Readers, your patience is commendable. The results are in, and it's good news: my house is unequivocally warmer with the insulation. Warmer, you say. What do you mean? Higher temperature? Less drafty? Fewer blankets on your lap? YES. Lest you doubt the perceptions of this interested and biased observer, let me offer a few testimonials:
My roommate, who is experiencing her second Chicago winter in this apartment, said, "Is it warmer this year? Or maybe I'm just getting used to it . . . "
My friend Elizabeth, who has very high standards for indoor temperatures, said, "It's so nice and cozy in here!"
My sister Marietta, who always gives it to me straight, said, "I can't believe it's actually warm in this apartment."
(Full disclosure: In the You Can't Please Everyone Department, I should acknowledge that my father kept his coat on during Christmas Eve dinner, but that may be partly my fault because I forgot to turn the heat up past 60° until after the guests arrived. It did warm up to 70° soon enough, but I think he'd already caught the chill.)
Here's what I have to say about it: I feel more comfortable almost all of the time. The temperature is more even; I no longer have radically varying warm and cold spots within a single room. Also, once it warms up, it stays warm. That is the biggest difference: previously I would turn up the heat and it would warm up for a very short time, then drop, then warm up again, the furnace running full blast all the while. Now my house is a lot quieter because the furnace goes on once and then it doesn't have to run for awhile again.
And speaking of your furnace, Ange, how's the gas bill?
When you compare gas bills, of course, you can't just take it at face value, because there are many variables: the weather, the price of gas, the amount of time you spend at home with the heat up, etc. Fortunately, much of this information appears on your gas bill, starting with the therms.
A therm is a unit of heat energy equal to 100,000 BTUs (British Thermal Units). It takes about 100 cubic feet of natural gas, depending on the mix, to create one therm of heat. On every gas bill, the gas company tells you how many therms (how much heat) you have used for the month. They also give you your average daily therm usage, right next to the average daily outdoor temperature for that month.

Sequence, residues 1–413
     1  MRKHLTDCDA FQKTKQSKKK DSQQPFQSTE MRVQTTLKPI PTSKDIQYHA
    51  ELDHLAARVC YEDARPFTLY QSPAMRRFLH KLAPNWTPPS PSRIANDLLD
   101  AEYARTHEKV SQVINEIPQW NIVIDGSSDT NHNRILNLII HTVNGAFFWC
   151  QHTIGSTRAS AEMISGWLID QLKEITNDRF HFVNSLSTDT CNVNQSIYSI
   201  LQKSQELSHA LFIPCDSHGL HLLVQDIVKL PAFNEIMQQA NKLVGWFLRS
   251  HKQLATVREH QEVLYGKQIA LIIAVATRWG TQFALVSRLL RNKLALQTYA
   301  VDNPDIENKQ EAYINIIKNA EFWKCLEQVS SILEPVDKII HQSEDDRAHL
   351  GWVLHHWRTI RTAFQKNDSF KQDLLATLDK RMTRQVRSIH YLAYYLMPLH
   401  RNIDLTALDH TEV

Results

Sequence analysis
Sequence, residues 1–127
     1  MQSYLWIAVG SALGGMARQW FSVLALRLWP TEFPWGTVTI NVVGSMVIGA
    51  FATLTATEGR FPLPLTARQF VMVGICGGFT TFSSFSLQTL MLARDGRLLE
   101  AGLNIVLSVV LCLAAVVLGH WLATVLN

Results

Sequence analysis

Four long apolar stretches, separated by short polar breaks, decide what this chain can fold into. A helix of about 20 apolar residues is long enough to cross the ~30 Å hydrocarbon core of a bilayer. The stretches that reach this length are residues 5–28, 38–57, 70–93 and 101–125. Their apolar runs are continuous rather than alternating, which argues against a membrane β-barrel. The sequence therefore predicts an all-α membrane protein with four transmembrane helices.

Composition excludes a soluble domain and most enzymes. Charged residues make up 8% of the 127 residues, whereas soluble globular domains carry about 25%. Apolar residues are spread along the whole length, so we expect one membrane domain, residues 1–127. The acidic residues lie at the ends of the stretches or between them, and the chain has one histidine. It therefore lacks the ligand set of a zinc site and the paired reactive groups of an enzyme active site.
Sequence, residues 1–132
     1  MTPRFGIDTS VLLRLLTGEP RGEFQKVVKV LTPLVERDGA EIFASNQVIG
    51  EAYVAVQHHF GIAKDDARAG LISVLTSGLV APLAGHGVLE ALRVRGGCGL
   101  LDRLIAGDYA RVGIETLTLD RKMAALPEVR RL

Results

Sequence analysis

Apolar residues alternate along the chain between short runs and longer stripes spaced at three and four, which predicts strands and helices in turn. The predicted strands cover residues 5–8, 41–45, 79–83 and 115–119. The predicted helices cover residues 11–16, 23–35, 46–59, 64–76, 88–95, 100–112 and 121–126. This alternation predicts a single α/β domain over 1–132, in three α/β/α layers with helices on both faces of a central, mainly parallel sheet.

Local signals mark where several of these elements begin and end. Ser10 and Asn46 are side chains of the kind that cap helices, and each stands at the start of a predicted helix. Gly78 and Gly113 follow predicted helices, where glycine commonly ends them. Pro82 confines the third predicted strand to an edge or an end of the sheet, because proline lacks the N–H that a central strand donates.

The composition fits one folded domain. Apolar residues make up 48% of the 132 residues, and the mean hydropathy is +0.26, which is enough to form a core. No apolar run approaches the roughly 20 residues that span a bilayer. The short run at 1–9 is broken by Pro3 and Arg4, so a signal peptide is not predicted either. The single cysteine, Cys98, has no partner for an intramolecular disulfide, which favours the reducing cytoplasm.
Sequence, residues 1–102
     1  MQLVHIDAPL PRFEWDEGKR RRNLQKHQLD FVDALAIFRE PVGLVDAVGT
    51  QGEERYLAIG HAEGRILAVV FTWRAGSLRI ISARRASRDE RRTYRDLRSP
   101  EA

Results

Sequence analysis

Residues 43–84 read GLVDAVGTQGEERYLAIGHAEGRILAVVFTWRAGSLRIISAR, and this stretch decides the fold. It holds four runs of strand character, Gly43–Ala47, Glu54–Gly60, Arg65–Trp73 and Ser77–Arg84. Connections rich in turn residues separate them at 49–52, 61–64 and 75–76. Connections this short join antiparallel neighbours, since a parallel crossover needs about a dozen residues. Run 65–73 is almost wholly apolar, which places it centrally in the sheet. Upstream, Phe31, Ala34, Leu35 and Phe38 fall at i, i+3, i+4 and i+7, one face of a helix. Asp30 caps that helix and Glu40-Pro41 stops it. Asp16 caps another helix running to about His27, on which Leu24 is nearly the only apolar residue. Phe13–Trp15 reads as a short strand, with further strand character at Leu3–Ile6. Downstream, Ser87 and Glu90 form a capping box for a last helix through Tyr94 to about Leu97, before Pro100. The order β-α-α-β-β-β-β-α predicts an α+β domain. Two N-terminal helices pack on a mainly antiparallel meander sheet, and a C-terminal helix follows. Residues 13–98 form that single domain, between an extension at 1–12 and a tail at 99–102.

I looked at my November and December gas bills for the last three years. Every year I am home for a week during December, so of course I use more heat during that month. So we'll look at the Novembers together and then the Decembers:
Average daily temperature: 40°
Average daily therms: 3.68
Average daily temperature: 36°
Average daily therms: 4.55
Average daily temperature 34°
Average daily therms: 3.17
In general, there is an inverse relationship between the temperature and the amount of heat you use: the lower the temp, the greater the number of therms. As you can see, November 2006 was, on average, four degrees warmer than November 2007, and I used .87 fewer therms: about 20% less heat. But look! In November 2008 we had a daily average of 34°—almost the same as 2007, but actually a little colder—and I used 30% less heat.
Let's look at Decembers:
Average daily temperature: 36°
Average daily therms: 4.58
Average daily temperature: 28°
Average daily therms: 5.51
Average daily temperature: 22°
Average daily therms: 4.69
This is a little easier to compare because the temperature this winter was dramatically colder than 2006, yet I used only slightly more heat. And it was, on average, six degrees colder than last year, yet I used 15% less heat. A better mathematician than I could give you an overall energy savings that accounts for the difference in temperature, but I'll leave that to any ambitious readers to figure out and post for us.
So there you have it: the qualitative and quantitative comparisons show that, in fact, proper insulation and air sealing make for a warmer, more energy-efficient house.
In a future posting, for anyone who's interested, I will do a cost-benefit analysis to estimate just how many years it will take for these energy savings to pay off the $3100 on the insulation plus the $650 for the energy audit. The environmental benefits are, of course, immediate.
The house is much better. Is it perfect? No. After all, I still have 100-year-old windows and a 25-year old furnace to contend with, not to mention a terribly engineered duct system. The windows I have finally covered with plastic just in time for our cold snap, and the furnace is on the list of things to deal with. My plan is to get several estimates and have the furnace chosen, the new ductwork planned, and then wait for the furnace to break down. Or, if I can come up with the money sooner, I'll be proactive.
More on this to come. Also to come: the raging controversy of thermostat setbacks. In the mean time, stay warm, everybody!